Rev. Billy C. Wirtz
by James M. Manheim
From the May, 2003 issue
Satire that slashes and burns sometimes seems to be a dying art, so it's noteworthy when a song like "Right Wing Roundup" comes along. It's a collection of skewered conservative attitudes cast in the form of square dance calls:
All join hands and circle to the right,
'Specially if you're rich and white.
"Swing way . . . to the right," intones the six-foot-five-inch, heavily tattooed Reverend Billy C. Wirtz of the First House of Polyester Worship. "All join hands and . . . block the clinic!" Between verses, Wirtz takes on the persona of an NRA member flirting with the wearer of an Operation Rescue charm bracelet. "What do you say we introduce a little motion into the chambers?" he asks.
A native of South Carolina and a resident of St. Augustine, Florida ("It's not too far from Whorelando," he says), Wirtz offers a brand of southern satire that's more outrageous than most anything originating up here. "Right Wing Roundup" is one of his signatures, and in general his musical comedy grew from a certain glasnost that came to southern culture in the 1990s, but most of his songs aren't overtly political. Instead he writes, often hilariously, of the grotesque.
Imagine a southern Howard Stern who happens to be an excellent honky-tonk piano player (Wirtz did a long apprenticeship with Chicago bluesman Sunnyland Slim), and you've got a pretty good idea. Another Wirtz standard is "Roberta," an eight-minute slow blues jam about being in bed with a 375-pound woman. From what I've heard of Wirtz's live shows, I'd say a raunch warning is appropriate, but rude as he may be, Wirtz is never lacking in wit. "She'd look up with her one good eye, take her false teeth out of the Bicentennial ashtray," says Wirtz in describing the preliminaries that unroll in a little mobile home in a town called Chromosome, North Carolina.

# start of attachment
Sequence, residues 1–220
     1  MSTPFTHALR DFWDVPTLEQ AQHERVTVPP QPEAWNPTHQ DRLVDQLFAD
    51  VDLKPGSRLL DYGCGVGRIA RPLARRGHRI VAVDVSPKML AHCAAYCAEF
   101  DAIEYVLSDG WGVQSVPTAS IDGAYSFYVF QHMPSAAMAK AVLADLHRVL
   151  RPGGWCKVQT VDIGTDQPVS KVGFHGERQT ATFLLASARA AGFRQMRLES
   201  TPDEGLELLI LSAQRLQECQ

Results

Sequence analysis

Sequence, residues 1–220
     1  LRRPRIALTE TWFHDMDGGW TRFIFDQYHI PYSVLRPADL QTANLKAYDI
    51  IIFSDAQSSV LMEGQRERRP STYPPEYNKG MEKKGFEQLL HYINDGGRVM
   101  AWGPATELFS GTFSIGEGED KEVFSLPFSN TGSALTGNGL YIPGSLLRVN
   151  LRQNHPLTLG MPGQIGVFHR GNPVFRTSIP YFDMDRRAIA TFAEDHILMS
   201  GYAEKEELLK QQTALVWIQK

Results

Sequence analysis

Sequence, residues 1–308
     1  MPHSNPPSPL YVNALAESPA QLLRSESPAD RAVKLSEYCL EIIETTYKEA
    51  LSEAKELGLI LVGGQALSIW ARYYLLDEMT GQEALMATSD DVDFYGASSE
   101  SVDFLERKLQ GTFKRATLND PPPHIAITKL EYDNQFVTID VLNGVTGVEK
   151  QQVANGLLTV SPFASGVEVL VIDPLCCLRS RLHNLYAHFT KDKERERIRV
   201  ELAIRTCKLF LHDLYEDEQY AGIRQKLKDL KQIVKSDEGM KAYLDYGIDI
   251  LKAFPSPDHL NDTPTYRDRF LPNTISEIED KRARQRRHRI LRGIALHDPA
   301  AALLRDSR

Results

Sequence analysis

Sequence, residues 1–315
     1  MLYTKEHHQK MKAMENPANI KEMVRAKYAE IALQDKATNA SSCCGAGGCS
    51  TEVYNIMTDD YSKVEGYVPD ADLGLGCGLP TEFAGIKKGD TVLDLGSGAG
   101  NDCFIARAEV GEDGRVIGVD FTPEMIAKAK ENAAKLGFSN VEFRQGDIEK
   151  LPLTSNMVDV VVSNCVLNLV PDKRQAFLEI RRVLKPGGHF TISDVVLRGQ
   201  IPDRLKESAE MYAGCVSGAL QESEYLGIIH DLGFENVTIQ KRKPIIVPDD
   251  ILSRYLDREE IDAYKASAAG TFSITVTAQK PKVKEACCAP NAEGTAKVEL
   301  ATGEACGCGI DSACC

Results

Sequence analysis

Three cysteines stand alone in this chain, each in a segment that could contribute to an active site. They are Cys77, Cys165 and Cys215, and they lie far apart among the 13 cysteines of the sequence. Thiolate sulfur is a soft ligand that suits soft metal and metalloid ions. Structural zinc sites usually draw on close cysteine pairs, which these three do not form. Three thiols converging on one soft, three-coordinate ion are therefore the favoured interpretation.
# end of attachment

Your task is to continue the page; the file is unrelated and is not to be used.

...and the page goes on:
Wirtz did a stint as a professional wrestling manager, and many of
his songs refer to this art form that dates back to the Middle Ages. He tells of falling in love with the dwarf wrestler Teenie Weenie Meanie, who "looked like Tammy Wynette left too long in my dryer." And then there's "Grandma versus the Crusher," a memoir of Wirtz's own grandmother and her enthusiastic responses to wrestling on TV. "Folks just love that song," says Wirtz. And they tell him their own Grandma-and-pro-wrestling stories.
So bring yours, if you've got 'em, to Wirtz's concert at the Ark on Friday, May 30. The Reverend says he does best in cities with high rates of violent crime, but I'm betting we've got enough unconventional souls here to get him cooking.
[Originally published in May, 2003.]
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